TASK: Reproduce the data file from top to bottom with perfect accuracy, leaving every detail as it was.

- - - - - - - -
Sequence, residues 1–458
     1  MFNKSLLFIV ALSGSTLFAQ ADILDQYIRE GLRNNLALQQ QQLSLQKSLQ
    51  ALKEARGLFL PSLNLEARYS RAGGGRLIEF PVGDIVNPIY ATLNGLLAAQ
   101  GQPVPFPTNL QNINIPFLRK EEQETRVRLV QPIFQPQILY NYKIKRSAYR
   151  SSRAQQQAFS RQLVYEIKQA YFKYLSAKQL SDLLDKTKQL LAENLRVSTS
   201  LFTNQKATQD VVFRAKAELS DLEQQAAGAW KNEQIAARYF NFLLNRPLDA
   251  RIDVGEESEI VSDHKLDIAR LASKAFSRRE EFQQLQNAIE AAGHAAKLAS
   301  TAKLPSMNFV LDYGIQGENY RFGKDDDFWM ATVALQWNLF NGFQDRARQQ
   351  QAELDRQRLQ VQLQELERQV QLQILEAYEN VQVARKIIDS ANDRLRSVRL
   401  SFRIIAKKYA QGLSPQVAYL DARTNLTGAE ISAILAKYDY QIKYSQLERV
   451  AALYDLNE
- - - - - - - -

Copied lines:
Sequence, residues 1–458
     1  MFNKSLLFIV ALSGSTLFAQ ADILDQYIRE GLRNNLALQQ QQLSLQKSLQ
    51  ALKEARGLFL PSLNLEARYS RAGGGRLIEF PVGDIVNPIY ATLNGLLAAQ
   101  GQPVPFPTNL QNINIPFLRK EEQETRVRLV QPIFQPQILY NYKIKRSAYR
   151  SSRAQQQAFS RQLVYEIKQA YFKYLSAKQL SDLLDKTKQL LAENLRVSTS
   201  LFTNQKATQD VVFRAKAELS DLEQQAAGAW KNEQIAARYF NFLLNRPLDA
   251  RIDVGEESEI VSDHKLDIAR LASKAFSRRE EFQQLQNAIE AAGHAAKLAS
   301  TAKLPSMNFV LDYGIQGENY RFGKDDDFWM ATVALQWNLF NGFQDRARQQ
   351  QAELDRQRLQ VQLQELERQV QLQILEAYEN VQVARKIIDS ANDRLRSVRL
   401  SFRIIAKKYA QGLSPQVAYL DARTNLTGAE ISAILAKYDY QIKYSQLERV
   451  AALYDLNE